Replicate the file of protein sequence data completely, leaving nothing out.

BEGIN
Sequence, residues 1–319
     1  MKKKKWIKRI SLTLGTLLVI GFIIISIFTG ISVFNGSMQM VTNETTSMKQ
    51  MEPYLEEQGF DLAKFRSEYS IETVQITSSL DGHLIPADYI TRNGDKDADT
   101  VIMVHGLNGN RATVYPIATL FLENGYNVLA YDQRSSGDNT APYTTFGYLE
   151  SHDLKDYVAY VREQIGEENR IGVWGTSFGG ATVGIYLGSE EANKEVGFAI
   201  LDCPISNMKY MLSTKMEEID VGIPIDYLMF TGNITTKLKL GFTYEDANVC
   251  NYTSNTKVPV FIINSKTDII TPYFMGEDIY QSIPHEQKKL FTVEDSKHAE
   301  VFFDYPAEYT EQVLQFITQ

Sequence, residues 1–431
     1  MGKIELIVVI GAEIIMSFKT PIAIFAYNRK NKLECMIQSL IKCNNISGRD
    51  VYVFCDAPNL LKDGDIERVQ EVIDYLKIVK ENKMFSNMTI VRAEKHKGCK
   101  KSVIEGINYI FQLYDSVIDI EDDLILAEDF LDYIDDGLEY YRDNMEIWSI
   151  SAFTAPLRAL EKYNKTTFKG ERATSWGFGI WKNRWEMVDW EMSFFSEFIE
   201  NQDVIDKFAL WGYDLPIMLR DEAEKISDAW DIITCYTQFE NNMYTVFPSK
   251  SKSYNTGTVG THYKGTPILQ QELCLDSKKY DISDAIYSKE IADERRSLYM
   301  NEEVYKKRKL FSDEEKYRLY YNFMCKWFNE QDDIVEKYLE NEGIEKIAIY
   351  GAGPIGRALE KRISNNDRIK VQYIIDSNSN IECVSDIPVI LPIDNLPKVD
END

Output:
Sequence, residues 1–319
     1  MKKKKWIKRI SLTLGTLLVI GFIIISIFTG ISVFNGSMQM VTNETTSMKQ
    51  MEPYLEEQGF DLAKFRSEYS IETVQITSSL DGHLIPADYI TRNGDKDADT
   101  VIMVHGLNGN RATVYPIATL FLENGYNVLA YDQRSSGDNT APYTTFGYLE
   151  SHDLKDYVAY VREQIGEENR IGVWGTSFGG ATVGIYLGSE EANKEVGFAI
   201  LDCPISNMKY MLSTKMEEID VGIPIDYLMF TGNITTKLKL GFTYEDANVC
   251  NYTSNTKVPV FIINSKTDII TPYFMGEDIY QSIPHEQKKL FTVEDSKHAE
   301  VFFDYPAEYT EQVLQFITQ

Sequence, residues 1–431
     1  MGKIELIVVI GAEIIMSFKT PIAIFAYNRK NKLECMIQSL IKCNNISGRD
    51  VYVFCDAPNL LKDGDIERVQ EVIDYLKIVK ENKMFSNMTI VRAEKHKGCK
   101  KSVIEGINYI FQLYDSVIDI EDDLILAEDF LDYIDDGLEY YRDNMEIWSI
   151  SAFTAPLRAL EKYNKTTFKG ERATSWGFGI WKNRWEMVDW EMSFFSEFIE
   201  NQDVIDKFAL WGYDLPIMLR DEAEKISDAW DIITCYTQFE NNMYTVFPSK
   251  SKSYNTGTVG THYKGTPILQ QELCLDSKKY DISDAIYSKE IADERRSLYM
   301  NEEVYKKRKL FSDEEKYRLY YNFMCKWFNE QDDIVEKYLE NEGIEKIAIY
   351  GAGPIGRALE KRISNNDRIK VQYIIDSNSN IECVSDIPVI LPIDNLPKVD